The company you keep: Is socialising with higher-status people bad for mental health?
Is socializing with higher-status people good or bad for mental health? A recent study of the same title starts with this question. People often believe that socializing with higher-status alters is beneficial by leading to access valuable resources. It seems true that individuals are able to obtain useful information and resources if they know people in higher positions, by providing useful resources that the individuals could have not accessed without such relationships.
However, it is also probable that socializing with higher-status alters can be bad if it increases a feeling of relative deprivation through the process of social comparison; status-discrepant friendships could be detrimental to mental health by engendering feelings of unfairness. Have you been stressed or depressed because of better economic or social situations of your friends or others in your social networks? If so, why? Are you just jealous of your friends? Or is there any other reason? This study deals with these questions.
For providing answers to the questions, we sought to examine the impact of status-discrepant social relationships on depressive symptoms using the 2012 Korean General Social Survey (KGSS), a nationally representative sample of Korea. In the findings of the study, socializing with higher-status people was positively associated with depressive symptoms, which means that it was bad for mental health. People who reported frequently socializing with higher-status alters had a higher level of depressive symptoms than those socializing with equivalent-status people, whereas those who socialized with lower-status people did not show a significant difference in depressive symptoms compared with those socializing with equivalent-status people.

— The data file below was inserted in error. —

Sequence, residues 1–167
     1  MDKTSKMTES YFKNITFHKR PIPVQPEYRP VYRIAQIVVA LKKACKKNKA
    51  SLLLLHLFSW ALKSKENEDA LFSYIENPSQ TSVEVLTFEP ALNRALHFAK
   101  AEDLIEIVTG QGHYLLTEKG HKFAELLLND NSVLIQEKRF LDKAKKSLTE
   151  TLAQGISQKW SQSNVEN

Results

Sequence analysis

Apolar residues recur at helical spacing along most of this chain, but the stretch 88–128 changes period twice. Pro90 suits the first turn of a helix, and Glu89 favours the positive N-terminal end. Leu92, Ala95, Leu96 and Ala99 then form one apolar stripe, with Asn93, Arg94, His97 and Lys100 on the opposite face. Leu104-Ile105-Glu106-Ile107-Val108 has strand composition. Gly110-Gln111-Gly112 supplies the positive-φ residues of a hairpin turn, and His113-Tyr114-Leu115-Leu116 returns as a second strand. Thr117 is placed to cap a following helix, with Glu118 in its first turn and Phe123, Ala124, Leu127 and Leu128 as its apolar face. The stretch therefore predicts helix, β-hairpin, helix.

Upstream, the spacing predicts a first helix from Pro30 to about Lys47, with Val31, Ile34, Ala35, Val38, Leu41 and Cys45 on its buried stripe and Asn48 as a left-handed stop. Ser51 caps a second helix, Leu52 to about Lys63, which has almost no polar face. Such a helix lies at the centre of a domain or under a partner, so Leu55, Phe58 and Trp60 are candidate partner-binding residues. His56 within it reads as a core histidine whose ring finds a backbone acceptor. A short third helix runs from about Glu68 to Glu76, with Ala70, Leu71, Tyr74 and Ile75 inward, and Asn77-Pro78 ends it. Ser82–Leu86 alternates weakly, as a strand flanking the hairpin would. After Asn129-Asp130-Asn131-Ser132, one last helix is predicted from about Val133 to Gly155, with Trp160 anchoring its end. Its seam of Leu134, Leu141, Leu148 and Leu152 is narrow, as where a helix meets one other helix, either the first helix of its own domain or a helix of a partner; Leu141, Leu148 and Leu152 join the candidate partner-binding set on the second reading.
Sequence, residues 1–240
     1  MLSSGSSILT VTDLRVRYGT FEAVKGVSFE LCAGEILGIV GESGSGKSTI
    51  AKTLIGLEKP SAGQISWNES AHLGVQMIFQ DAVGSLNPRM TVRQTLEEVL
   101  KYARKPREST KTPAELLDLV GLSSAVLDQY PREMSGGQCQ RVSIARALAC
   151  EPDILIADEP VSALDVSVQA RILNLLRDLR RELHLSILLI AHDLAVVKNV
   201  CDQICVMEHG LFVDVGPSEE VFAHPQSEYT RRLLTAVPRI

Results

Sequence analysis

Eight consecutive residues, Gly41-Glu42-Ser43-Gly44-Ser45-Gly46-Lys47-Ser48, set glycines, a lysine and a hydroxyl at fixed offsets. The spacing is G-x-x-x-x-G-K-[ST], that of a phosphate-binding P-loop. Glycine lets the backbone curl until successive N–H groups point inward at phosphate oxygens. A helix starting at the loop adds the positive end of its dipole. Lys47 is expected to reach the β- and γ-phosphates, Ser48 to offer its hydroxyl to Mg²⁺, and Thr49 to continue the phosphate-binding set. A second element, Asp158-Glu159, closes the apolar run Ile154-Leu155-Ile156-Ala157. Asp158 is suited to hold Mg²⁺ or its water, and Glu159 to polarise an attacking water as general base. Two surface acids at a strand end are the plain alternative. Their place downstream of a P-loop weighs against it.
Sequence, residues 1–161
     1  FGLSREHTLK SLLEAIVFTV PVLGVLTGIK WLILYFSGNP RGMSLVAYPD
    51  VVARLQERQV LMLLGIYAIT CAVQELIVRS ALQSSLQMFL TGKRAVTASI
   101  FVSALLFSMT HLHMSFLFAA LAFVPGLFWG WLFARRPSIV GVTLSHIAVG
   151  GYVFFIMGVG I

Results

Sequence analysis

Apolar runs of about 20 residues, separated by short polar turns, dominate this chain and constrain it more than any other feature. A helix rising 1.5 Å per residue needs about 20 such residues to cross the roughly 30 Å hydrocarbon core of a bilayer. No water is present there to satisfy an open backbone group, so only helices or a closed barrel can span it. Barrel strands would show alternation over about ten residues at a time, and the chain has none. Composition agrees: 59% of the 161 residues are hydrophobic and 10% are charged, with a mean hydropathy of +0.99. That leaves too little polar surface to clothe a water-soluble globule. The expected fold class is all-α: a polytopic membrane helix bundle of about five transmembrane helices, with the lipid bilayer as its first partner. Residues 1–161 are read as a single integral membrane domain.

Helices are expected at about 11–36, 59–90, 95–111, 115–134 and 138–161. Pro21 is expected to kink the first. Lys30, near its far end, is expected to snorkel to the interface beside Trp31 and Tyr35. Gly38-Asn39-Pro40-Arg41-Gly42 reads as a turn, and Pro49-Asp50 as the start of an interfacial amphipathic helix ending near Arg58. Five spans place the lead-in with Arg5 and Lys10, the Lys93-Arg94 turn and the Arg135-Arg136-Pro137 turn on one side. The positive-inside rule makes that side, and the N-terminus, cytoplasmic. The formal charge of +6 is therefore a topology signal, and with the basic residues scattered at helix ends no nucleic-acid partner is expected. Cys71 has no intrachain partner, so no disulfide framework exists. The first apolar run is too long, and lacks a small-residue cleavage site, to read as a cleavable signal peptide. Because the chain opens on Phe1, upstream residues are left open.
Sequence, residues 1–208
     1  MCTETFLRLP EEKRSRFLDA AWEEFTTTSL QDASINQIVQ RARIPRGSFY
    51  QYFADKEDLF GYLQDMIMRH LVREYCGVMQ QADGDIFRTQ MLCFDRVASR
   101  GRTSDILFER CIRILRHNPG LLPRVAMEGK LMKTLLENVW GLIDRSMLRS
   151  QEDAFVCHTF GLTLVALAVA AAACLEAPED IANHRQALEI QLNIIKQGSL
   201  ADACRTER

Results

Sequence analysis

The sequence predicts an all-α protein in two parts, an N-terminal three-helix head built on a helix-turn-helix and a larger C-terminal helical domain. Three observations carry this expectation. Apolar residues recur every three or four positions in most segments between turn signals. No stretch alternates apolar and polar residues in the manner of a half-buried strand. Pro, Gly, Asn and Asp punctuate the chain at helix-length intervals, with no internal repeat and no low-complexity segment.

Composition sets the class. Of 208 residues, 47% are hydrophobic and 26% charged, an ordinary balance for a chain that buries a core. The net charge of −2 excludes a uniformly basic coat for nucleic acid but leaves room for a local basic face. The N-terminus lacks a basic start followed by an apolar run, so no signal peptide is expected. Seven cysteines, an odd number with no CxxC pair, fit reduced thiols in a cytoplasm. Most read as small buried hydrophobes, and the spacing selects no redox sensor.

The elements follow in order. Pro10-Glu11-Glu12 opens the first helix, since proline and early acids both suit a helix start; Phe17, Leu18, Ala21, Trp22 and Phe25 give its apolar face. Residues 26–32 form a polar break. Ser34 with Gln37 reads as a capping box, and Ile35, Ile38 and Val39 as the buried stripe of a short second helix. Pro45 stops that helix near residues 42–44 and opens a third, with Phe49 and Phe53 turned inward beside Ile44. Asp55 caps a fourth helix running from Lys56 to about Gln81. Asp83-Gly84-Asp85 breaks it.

Why is socializing with higher-status people bad for mental health? Interestingly, socializing with higher-status people was not bad to everyone, but to people who thought that they had been unfairly treated or rewarded in the society when considering their intelligence (ability), worked-related skill, effort, educational level, and work career. Socializing with higher-status people was not harmful to mental health when perceived unfairness was low. Socializing with higher status people, however, had harmful effects on mental health, especially when individuals believed that their society had treated them unfairly. This might be because individuals do not fully accept that those with whom they socialize deserve higher status given that their own conditions are not fairly shaped, which increases psychological distress such as anxiety, depressive symptoms, and anger.
This pattern appears stronger for men than women, which might be associated with gender roles internalized through gender socialization processes. Men generally internalize the social expectation to be breadwinners and so have achievement-centered propensity rather than relationship-centered propensity. Thus, socializing with higher-status people can be more stressful for men by decreasing psychological resources such as self-esteem and requesting obligations and restrictions due to differences in hierarchy within a group of people.
Consequently, social relationships with higher-status people do not always provide benefits to individuals within those relationships; rather, they can be harmful to individuals’ mental health, especially when individuals perceive that they have been unfairly treated in their society, implying that social injustice may amplify psychological strain toward higher-status people. Both reducing objective inequality and fostering social and institutional justice regarding social distribution and fairness could help mitigate mental health impacts.
Min-Ah Lee is Associate Professor of Sociology at Chung-Ang University, Seoul, Republic of Korea. Her major research areas are health inequality and aging. Her recent research interests include depressive symptoms and suicidality of Koreans in relation to early adversity and social capital. Recent publications have appears in Child Abuse & Neglect, Social Science & Medicine, and Sociology of Health & Illness.